Digital Bridges has a broad range of experience working with significant, successful clients in the Financial, Gaming, Tourism, Pharmaceutical, ICT, Legal, Airline, Professional Services, Media and Public Sectors.

To find out more about Digital Bridges, please visit www.digitalbridges.co.za or contact Kate Elphick on katee@digitalbridges.co.za

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Filed under Business, Crowdsourcing, Web 2.0

Social media inside the firewall

Social media has changed the way organisations function forever. Tools including wikis, blogs, social networks and podcasts have become mainstream, forcing corporations to adapt and evolve. How can we benefit from using social media tools inside the firewall?

SharePoint 2010 is becoming ubiquitous in many enterprises, with is broad range of capabilities and features that enable collaboration between organisations and their employees. It features optimised content search, interactive technology and ability to personalise parts of the site which will make it an ideal platform for developing a great Intranet. But precisely because of its interactiveness and personalisation, it is set to change the way enterprises work. For this reason it is critical when implementing SharePoint, or any other interactive Intranet platform, to build it into the organisational DNA.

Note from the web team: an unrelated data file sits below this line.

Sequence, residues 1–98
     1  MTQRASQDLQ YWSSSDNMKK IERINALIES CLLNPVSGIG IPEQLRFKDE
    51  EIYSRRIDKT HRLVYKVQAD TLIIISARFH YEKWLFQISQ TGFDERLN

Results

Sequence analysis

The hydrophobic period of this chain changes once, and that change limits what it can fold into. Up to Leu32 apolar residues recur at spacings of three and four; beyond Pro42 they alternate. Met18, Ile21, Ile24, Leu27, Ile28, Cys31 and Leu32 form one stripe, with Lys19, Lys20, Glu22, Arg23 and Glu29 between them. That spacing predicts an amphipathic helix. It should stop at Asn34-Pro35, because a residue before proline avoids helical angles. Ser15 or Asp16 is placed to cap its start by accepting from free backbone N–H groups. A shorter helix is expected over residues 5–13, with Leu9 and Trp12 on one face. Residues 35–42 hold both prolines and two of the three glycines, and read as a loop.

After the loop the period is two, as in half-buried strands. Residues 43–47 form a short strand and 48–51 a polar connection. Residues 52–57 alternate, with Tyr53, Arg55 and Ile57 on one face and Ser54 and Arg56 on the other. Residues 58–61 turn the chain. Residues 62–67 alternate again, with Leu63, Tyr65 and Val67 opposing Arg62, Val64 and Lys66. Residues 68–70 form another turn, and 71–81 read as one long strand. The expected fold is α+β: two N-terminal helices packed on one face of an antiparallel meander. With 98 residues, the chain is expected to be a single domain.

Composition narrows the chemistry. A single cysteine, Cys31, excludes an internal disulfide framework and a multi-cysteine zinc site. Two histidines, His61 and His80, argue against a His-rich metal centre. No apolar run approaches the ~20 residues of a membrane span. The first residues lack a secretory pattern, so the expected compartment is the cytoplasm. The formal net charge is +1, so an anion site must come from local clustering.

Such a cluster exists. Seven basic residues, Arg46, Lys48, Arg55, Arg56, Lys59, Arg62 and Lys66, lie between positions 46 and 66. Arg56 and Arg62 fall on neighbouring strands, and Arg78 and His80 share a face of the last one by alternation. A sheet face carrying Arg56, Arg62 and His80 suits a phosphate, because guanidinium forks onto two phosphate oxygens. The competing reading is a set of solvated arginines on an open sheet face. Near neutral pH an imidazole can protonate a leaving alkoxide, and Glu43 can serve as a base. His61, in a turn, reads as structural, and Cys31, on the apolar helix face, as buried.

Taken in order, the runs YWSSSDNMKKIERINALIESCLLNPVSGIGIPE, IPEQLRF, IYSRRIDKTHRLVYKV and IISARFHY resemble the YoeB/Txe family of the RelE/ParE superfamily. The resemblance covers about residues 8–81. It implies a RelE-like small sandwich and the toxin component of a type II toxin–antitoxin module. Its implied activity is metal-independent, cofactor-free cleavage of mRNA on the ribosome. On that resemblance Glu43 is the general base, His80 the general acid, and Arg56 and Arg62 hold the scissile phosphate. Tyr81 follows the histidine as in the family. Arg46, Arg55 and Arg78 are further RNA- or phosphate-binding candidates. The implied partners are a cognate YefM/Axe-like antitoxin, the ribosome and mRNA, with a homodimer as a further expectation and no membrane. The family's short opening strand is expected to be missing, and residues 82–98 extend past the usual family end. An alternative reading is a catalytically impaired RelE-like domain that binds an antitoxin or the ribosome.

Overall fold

This necessitates taking into consideration the strategy, how the organisation has been configured to deliver on that strategy; its culture, organisational design, performance management and the operational processes that are in place.

A macro-strategic over hall of the organisation is required, because broken processes and misaligned cultural fits must not be built into the new system. The modern Intranet is so powerful that it will exacerbate any organisational dysfunction.

It requires a brave new approach on behalf of the executives to question the way work gets done, what they need to achieve and the conversations that they are having with their employees.